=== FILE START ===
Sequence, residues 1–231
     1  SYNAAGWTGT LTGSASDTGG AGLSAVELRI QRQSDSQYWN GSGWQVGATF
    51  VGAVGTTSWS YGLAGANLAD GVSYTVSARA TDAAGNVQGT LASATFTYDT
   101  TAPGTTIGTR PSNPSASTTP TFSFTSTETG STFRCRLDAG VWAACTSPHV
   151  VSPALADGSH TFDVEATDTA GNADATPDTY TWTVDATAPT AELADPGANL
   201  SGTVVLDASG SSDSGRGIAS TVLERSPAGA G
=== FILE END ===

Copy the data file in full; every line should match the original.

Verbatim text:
Sequence, residues 1–231
     1  SYNAAGWTGT LTGSASDTGG AGLSAVELRI QRQSDSQYWN GSGWQVGATF
    51  VGAVGTTSWS YGLAGANLAD GVSYTVSARA TDAAGNVQGT LASATFTYDT
   101  TAPGTTIGTR PSNPSASTTP TFSFTSTETG STFRCRLDAG VWAACTSPHV
   151  VSPALADGSH TFDVEATDTA GNADATPDTY TWTVDATAPT AELADPGANL
   201  SGTVVLDASG SSDSGRGIAS TVLERSPAGA G